Get more value from your Horsesales ad

    Individual ads are on individual pages, so you can print copies of the ad from your browser (go to the File menu, then Print) and post them as a flyer at your local tack shops, feed stores, and horse shows. Most color printers let you choose from several print quality settings, so choose the highest quality setting or dpi (dots per inch or resolution) when you print your ad. You can change printer settings by clicking on "Properties" or "Advanced" or "Options" from the window that comes up to ask how many copies you want from your printer.

    We know that plain text classifieds don't work very well, but you can improve their effectiveness by listing the web address of your Horsesales ad in the free classifieds of other sites to direct buyers to photos of your horse. Your ad's address will be in the address box of your browser when you are looking at the ad, and is generally of the form http://www.horsesales.com/horsename.htm.

    If you aren't getting any response on your Horsesales ad after a couple weeks, consider lowering the price, re-wording the ad, or improving the photos. We have no problem with changing your ad during it's 6 month run, and at no extra charge. The best way to get an ad changed, is to email us at amys@horsesales.com.


PHOTO/VIDEO TIPS

    Get in close! Make the horse fill about 90% of the frame, even when moving.

    If your camcorder has the image stabilizer feature, make sure it is turned ON (some camcorders have a button marked "EIS" for electronic image stabilizer).

    Dark horses need light backgrounds, light horses need dark backgrounds. The background should be fairly consistent behind the entire body of the horse.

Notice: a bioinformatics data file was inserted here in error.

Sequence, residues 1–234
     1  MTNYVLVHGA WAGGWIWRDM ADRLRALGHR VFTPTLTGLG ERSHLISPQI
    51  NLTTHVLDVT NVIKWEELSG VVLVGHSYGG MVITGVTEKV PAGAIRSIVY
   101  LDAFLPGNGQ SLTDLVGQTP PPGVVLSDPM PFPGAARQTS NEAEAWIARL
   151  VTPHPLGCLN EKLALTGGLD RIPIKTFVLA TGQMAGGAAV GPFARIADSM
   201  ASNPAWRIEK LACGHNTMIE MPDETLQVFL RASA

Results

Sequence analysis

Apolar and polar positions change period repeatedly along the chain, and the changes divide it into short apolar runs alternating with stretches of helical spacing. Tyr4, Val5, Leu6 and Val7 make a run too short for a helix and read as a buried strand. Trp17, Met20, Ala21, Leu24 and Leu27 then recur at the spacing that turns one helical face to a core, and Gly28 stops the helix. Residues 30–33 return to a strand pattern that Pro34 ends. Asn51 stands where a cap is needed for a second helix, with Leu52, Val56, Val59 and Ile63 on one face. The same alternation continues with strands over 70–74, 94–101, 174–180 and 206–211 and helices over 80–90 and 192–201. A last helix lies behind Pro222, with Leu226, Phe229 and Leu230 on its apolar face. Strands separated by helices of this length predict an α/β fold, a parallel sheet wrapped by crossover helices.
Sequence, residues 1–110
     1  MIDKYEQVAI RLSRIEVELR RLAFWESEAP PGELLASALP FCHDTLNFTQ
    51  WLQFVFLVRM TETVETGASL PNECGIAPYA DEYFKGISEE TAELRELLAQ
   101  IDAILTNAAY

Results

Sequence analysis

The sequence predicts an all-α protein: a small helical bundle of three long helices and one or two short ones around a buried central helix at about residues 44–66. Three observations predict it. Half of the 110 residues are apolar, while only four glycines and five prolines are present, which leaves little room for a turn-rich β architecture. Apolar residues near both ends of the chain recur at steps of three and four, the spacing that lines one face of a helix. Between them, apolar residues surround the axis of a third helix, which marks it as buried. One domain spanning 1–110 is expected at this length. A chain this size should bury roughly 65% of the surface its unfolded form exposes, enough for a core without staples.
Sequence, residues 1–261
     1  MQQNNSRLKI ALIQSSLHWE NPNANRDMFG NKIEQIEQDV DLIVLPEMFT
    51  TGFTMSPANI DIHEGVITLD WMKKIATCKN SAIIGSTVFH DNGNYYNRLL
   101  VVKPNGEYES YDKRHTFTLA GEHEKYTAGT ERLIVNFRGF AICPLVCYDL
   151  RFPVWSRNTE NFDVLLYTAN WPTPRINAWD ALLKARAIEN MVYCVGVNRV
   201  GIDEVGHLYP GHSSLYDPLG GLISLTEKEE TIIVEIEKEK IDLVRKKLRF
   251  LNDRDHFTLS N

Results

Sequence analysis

Pictures come out best on a sunny day, with the sun to your back.

    In an indoor arena, make sure any bright doorway is at your back.

    Avoid bright sunlight - early morning or late afternoon sun is better, if possible.

    If your camera allows, turn the flash ON (especially on a dark day, or indoors), but natural sunlight hitting the horse's side, and coming from behind the photographer, is always better.

    Try to get a side view "conformation" shot, a front view, and a shot of the horse moving.

    When you are close to the horse, it helps the perspective to bend your knees a little and shoot the picture level or pointing slightly up toward the horse's head. It's always best to avoid shooting down at the horse from a higher vantage point, level shots look best.

    Try to make sure the horse's ears are forward, nobody likes the look of pinned ears!

    For conformation shots, try to get the horse standing with all four feet flat on the ground, preferably with all four legs showing separately, and with the horse looking straight ahead with neck stretched and ears forward.


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EMAIL: amys@horsesales.com   *   PHONE: 800.891.3227